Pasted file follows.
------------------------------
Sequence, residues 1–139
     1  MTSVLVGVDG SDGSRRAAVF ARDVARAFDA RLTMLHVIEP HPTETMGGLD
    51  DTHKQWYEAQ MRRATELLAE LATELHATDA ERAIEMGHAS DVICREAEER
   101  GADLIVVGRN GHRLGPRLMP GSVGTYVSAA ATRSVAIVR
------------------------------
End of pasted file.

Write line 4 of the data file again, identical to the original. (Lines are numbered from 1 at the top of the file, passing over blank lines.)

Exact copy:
   101  GADLIVVGRN GHRLGPRLMP GSVGTYVSAA ATRSVAIVR